Delaying operations for smokers and the obese IS a cost cutting strategy, a patients’ group has said.
The boss of independent charity, Healthwatch Kirklees, has urged NHS chiefs to “be honest” about new plans to put smokers and people who are too fat to the back of the queue for non-urgent surgery.
Kirklees will be one the first places in Britain to adopt an official policy of asking people who smoke or have a body mass index (BMI) of 30 or above to get fit before they are eligible for surgery.
If they refuse, they will be put to the back of the queue, with their procedure potentially delayed by six to 12 months.
Health bosses have denied they are rationing surgery and claimed the new system is to improve outcomes, as smoking and obesity can hamper the success of operations.
But Rory Deighton, director of Healthwatch Kirklees, said: “We need to be honest about what this is.
“It’s a rationing of NHS services because there is not enough money in the NHS to deal with the increasing cost of medicine, and the impact of an aging population.
“In many ways, this process is the same as that which Kirklees Council have been forced to do over the last seven years – to ration and restrict services. Only this time it’s the NHS instead.”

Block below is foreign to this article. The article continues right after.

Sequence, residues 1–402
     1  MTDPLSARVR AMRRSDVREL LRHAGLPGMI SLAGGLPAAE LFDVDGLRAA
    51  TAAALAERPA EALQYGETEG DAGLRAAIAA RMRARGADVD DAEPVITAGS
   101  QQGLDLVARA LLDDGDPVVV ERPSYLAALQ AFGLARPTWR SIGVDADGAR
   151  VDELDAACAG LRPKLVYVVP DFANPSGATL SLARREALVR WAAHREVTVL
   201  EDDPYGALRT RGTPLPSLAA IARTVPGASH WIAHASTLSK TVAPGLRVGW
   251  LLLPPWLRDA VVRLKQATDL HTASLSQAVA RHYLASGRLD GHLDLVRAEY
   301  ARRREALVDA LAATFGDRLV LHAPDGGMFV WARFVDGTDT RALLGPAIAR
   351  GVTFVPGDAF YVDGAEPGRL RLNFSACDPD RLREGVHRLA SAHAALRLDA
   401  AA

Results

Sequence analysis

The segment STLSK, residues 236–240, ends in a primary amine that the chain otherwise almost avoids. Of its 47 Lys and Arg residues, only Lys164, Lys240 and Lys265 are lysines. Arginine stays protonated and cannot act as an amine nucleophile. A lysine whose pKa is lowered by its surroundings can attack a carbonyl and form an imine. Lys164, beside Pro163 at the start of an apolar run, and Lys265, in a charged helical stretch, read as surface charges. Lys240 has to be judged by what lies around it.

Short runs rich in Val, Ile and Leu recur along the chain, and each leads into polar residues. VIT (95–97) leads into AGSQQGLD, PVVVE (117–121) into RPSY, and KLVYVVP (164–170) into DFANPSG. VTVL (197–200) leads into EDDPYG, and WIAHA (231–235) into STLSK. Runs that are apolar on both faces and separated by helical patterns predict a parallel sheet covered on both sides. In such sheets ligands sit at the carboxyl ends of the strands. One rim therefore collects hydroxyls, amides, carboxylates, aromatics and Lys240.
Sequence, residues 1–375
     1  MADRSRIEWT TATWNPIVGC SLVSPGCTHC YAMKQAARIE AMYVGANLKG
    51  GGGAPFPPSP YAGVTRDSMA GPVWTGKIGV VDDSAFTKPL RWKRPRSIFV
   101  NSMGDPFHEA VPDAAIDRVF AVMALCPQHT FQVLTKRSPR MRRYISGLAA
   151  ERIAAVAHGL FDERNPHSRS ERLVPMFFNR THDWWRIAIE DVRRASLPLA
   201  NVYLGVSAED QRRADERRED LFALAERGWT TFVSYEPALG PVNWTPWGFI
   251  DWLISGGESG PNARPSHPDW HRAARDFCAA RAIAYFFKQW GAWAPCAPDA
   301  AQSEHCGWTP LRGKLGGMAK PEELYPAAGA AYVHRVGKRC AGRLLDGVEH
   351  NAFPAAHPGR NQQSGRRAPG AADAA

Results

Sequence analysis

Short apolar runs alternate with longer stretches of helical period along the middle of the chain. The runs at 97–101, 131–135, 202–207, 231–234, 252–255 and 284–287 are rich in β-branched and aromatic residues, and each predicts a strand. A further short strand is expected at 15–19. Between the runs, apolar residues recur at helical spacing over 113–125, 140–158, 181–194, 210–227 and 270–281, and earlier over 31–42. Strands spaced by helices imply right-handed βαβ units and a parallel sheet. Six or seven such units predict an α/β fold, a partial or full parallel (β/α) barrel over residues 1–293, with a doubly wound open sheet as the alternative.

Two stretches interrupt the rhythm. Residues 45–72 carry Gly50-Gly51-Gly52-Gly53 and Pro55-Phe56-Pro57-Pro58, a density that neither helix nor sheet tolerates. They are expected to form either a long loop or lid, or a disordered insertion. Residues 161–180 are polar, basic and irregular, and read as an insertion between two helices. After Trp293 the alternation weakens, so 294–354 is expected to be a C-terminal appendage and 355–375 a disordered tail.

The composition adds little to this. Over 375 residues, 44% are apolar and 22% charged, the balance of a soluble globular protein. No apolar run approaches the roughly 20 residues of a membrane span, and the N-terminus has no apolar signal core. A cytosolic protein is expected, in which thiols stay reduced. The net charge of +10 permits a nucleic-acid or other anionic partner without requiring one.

Mr Deighton said the public needed to recognise that they had to take more responsibility for their health as the NHS purse strings tightened.
He added: “There is something here about the changed relationship that we need to start having with the NHS.
“When Healthwatch asked people about these ideas last year, there was really strong support for them.
“There were strong messages from respondents that said that people needed to take more responsibility for their own health, and not just expect the NHS to pick up the pieces.
“It’s another step towards a changed relationship between people and their NHS.”
Figures suggest as many as one in three of Kirklees’ adult population are set to fall foul of the new policy to be implemented later this year.
Overweight people will be given 12 months to get their BMI down below 30 to discourage patients from attempting “crash diets.”
If they lose 10% of their weight but still have a BMI above 30 they will be listed for surgery.
Smokers will have to be smoke free for four weeks prior to surgery, but will be put on a six-month stop smoking plan to help them to quit.
If they fail to give up smoking after six months they will be listed for surgery anyway.
The system is only in place for non-urgent surgery and does not apply to critical life-saving surgery or certain urgent procedures such as cancer treatment or pregnancy interventions.
Children are not affected.
Doctors will be allowed to break the rules if they believe it is appropriate, for example if a patient’s condition could get substantially worse by delaying surgery.